Futures are up slightly this morning with not much overnight action in the Dow or S&P futures:
The overnight action was in the dollar which rolled over and plummeted giving up almost all of yesterday’s gains:
This is an interesting relationship as I’ve been saying, the next round of deleveraging will look different than the last. I believe that we are more likely to see both the dollar and bond market not strengthen as they did last fall. One of the Fed officials was out trying to make it sound as if the Fed had raised nearly enough money (80%) to finance our debts for the rest of the year – but of course they would continue to “gradually increase the size of their offerings…” uh, huh ( Treasury has raised 80% of funds needed for '09). Here’s a daily chart of the dollar…
Watch that little trendline… it will be interesting to see if it breaks and goes lower or if it finds its footing and rises.
The ICSC store sales came in with no change week to week, but was down .9% yoy. Here’s the world according to Econoday:
Retail sales continue to be weak in June, according to ICSC-Goldman's same-store sales tally that is unchanged in the June 20 week for a very weak year-on-year decline of 0.9 percent. The report cites recessionary conditions and wet weather for the trouble. It does note that the approach of warm weather could give the month a late lift. Excluding Wal-Mart which no longer issues monthly data, the report sees a very steep May-to-June decline of 5.0 percent. Redbook, up at 8:55 ET, has also been warning of a very steep month-to-month decline.
And decline the Redbook did, falling 4.2% yoy:
June retail sales are very weak, according to early reports including Redbook's tally that shows a 4.2 percent year-on-year decline in the June 20 week vs. the year-ago week. Redbook estimates the May-to-June drop at a massive 4.4 percent. But both Redbook and ICSC-Goldman do offer a note of optimism, saying sales at month-end could pick up significantly if warm weather forecasts prove true.
Got to throw the optimistic line in there for those participating in Economic Mass Psychosis.
Existing Home Sales rose 2.9% in April month over month but was down 3.6% yoy which is an increase from down 3.5% the month prior. Inventory of existing homes rose as well, showing no evidence that a rebound is imminent, of course.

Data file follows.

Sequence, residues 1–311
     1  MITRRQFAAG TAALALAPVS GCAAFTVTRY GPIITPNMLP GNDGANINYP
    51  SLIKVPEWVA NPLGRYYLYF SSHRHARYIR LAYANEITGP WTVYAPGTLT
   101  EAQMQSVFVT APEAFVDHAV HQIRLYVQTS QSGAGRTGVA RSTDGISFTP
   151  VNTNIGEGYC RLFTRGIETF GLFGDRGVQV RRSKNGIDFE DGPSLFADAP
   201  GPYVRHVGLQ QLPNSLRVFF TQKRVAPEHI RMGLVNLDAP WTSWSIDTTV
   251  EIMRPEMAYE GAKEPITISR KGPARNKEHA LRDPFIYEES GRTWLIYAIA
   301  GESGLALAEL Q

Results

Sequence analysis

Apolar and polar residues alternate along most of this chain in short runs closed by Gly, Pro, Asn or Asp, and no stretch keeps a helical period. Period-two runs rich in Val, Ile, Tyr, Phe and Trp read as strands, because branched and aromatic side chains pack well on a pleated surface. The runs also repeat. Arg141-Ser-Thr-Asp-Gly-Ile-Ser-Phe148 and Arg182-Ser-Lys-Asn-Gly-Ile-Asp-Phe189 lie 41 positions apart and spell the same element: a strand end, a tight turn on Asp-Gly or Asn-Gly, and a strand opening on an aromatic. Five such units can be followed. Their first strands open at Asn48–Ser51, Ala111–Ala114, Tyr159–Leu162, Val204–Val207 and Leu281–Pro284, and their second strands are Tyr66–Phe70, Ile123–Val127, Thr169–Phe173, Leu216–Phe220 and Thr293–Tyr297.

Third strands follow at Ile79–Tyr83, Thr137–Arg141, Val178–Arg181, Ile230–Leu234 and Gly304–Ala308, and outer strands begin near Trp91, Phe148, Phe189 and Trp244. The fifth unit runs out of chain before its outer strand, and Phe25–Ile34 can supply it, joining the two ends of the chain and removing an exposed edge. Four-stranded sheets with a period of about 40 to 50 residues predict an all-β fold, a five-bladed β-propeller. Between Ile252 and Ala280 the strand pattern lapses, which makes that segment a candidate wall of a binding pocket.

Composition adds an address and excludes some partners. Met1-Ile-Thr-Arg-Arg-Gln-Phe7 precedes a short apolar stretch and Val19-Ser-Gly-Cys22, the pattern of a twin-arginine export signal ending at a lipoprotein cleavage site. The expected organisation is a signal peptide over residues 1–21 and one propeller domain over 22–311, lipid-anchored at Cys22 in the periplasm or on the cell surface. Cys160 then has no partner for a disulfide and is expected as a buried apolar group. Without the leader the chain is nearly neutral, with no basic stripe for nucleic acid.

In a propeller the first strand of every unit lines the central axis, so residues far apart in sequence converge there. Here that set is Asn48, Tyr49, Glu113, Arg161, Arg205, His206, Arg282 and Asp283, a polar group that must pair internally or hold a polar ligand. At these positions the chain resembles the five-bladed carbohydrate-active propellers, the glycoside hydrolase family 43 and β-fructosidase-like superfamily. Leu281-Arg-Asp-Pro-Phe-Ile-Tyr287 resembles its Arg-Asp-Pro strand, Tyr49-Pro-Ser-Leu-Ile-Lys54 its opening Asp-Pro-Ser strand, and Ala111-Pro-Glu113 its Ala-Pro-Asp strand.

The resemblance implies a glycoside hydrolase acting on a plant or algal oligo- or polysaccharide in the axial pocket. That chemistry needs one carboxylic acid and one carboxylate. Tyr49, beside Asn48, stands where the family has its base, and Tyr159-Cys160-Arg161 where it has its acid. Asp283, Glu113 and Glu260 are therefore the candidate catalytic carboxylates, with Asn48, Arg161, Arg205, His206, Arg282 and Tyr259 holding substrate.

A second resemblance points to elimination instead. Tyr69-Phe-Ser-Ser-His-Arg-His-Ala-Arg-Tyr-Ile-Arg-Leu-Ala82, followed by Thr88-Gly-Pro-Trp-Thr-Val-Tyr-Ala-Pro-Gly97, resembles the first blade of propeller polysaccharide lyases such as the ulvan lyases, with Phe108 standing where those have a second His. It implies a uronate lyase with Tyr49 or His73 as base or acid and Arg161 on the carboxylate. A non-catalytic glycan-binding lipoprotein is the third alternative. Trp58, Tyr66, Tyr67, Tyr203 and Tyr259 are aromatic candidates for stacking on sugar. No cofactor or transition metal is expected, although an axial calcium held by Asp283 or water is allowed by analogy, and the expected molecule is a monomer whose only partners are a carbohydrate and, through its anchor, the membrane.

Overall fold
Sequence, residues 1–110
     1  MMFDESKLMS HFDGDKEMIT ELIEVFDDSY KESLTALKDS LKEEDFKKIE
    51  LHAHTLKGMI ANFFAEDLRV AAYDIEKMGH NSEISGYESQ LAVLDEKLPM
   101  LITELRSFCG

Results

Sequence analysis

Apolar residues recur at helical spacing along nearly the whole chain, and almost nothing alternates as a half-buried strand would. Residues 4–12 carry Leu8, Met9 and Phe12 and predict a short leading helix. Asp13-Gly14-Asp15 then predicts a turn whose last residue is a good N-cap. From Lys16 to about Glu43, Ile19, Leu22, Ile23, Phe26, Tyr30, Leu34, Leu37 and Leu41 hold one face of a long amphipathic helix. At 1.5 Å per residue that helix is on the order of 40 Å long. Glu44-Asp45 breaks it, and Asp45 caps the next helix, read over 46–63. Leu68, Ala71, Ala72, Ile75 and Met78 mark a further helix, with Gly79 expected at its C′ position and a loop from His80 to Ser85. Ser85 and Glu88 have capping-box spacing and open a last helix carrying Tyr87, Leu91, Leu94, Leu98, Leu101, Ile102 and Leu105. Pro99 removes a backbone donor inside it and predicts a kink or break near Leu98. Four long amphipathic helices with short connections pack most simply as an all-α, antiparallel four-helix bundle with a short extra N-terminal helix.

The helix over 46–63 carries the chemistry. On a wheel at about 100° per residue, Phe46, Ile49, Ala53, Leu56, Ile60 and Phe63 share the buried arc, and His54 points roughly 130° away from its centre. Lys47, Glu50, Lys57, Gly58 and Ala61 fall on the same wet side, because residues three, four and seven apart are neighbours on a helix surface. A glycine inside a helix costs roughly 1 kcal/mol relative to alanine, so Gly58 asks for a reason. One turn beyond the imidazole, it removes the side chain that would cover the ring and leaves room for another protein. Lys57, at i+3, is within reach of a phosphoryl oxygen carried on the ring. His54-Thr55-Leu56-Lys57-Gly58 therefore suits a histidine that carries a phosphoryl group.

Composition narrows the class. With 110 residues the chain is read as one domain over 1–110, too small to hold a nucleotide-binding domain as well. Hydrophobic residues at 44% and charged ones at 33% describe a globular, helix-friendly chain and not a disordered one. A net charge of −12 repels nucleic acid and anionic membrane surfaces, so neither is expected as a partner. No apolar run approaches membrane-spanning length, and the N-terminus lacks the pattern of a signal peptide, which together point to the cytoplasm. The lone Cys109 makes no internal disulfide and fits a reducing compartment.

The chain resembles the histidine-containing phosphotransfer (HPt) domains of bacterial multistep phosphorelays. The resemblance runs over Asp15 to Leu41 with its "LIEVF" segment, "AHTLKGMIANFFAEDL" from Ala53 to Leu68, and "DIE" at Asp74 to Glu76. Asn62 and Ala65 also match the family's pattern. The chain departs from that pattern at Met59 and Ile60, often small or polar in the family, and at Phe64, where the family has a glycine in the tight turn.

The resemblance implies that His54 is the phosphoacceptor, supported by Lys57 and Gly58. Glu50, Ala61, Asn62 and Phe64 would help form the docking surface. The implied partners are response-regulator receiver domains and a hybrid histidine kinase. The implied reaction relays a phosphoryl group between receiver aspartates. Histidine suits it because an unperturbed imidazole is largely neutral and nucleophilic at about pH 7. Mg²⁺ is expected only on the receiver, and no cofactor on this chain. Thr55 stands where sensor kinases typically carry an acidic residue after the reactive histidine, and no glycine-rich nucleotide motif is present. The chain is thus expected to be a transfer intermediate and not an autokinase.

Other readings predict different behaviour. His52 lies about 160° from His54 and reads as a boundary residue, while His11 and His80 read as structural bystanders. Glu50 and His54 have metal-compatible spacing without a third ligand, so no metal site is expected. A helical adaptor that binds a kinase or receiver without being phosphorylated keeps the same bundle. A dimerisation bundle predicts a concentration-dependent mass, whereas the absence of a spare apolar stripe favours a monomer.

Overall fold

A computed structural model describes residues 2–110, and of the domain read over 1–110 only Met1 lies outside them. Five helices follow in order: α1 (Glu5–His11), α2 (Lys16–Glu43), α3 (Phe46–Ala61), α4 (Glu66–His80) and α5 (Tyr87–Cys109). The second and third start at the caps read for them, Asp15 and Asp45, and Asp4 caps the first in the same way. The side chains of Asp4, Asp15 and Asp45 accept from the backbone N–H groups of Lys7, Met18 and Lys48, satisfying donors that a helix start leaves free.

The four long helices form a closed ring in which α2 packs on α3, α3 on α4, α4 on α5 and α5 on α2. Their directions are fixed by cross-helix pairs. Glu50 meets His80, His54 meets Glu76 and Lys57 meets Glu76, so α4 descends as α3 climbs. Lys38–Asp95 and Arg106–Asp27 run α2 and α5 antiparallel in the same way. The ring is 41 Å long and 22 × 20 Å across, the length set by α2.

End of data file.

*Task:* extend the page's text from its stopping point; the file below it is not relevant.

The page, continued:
Existing home sales rebounded 2.9 percent in April, after slipping 3.4 percent the month before. The April sales pace of 4.680 million units annualized was nearly flat at minus 3.5 percent. Supply on the market was a negative in the report, rising to 10.2 months at the current sales rate compared to 9.6 months in March. Looking ahead, pending home sales have risen three consecutive months, including a 6.7 percent boost in April. Pending home sales tend to lead existing home sales by one or two months. The first-time home buyer tax credit may be providing some lift to sales.
Also keep in mind that tomorrow is FOMC announcement day. That’s a huge wildcard… who knows what GAMES the Fed will play.
What I do know is that it appears that we made wave 1 down of 3 down yesterday. At some point in here we should see a wave 2 bounce and then we should get 3 of 3. That leg should at least equal wave 1. Of course we throw the Fed wild card in there and anything can happen, so it’s a bet I’m personally not going to make. My only comment regarding them is “talk is cheap.”
And to those going around saying that it’s not wise to fight the Fed, my comment to them is that it is the Fed who is responsible for creating and worsening the mess we are in. Their ACTIONS are making the problems worse, and thus the more “actions” they take, the worse the outcome will be.
For example, here’s a Point & Figure chart showing the bullish target for 10 year Treasuries:
Note that the bullish price objective says 71.0… as in 7.1%!!! Yes, this is what fixed rate mortgages are tied to and remember that mortgage rates are usually up to 2% higher than this rate. Can you image what will happen to housing if that target is achieved in this environment? Ben better hope not. But the odds of that happening go UP the more he tries to buy rates down – Bernanke, the student of the Great Depression, is causing the second one.
And yesterday’s action in equities produced new bearish targets on the P&F figures for both the Dow and the S&P:
S&P Bearish target = 850:
DOW Bearish target = 7,800
Of course the P&F targets are just computer generated pattern targets, but I would not bet against them being achieved – at a minimum, but remember that nothing moves in a straight line, there are no “direct” clearances in the markets.
The short term stochastics are now oversold, of course, as is the daily fast. We are also already close to the bottom Bollinger bands which are now beginning to turn downward.
So far this morning we have failed to rise back above the 50 and 200dma’s which are now collocated at the 900 SPX level and about to produce a bullish "holy" cross. It won’t be bullish, however, if prices remain beneath the 900 level, instead it will produce a throw-over.
Bottom line – look for a wave 2 bounce that should be followed by 3 of 3 unless the Fed does something even more stupid tomorrow which can result in almost anything. Of course they must “do something” when all the markets really ever wanted was for our government to just let it be…
The Beatles – Let it Be: